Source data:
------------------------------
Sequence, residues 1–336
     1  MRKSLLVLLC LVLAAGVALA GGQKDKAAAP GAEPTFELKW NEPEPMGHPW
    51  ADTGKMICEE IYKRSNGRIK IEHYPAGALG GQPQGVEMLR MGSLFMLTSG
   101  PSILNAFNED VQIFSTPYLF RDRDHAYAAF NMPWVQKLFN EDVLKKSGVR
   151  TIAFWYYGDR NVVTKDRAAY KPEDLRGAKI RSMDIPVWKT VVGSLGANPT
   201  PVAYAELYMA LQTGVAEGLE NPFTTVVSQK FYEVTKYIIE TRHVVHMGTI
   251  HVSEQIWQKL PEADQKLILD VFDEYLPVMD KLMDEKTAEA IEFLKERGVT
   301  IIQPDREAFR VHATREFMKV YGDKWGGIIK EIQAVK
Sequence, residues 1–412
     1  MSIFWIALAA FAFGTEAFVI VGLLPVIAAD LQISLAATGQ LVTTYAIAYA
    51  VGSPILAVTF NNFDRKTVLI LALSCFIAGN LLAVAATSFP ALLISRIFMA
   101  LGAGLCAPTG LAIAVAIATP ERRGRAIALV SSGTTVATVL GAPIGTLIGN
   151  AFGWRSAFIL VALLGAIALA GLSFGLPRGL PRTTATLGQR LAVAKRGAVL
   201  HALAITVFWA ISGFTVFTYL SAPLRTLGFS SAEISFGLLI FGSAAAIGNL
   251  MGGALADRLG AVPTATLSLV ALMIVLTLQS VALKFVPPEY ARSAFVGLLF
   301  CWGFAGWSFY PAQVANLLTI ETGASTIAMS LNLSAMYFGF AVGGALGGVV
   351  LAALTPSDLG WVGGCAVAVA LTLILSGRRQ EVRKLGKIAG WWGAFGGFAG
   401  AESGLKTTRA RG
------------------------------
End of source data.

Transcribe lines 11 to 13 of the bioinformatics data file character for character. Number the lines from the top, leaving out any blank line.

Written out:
    51  VGSPILAVTF NNFDRKTVLI LALSCFIAGN LLAVAATSFP ALLISRIFMA
   101  LGAGLCAPTG LAIAVAIATP ERRGRAIALV SSGTTVATVL GAPIGTLIGN
   151  AFGWRSAFIL VALLGAIALA GLSFGLPRGL PRTTATLGQR LAVAKRGAVL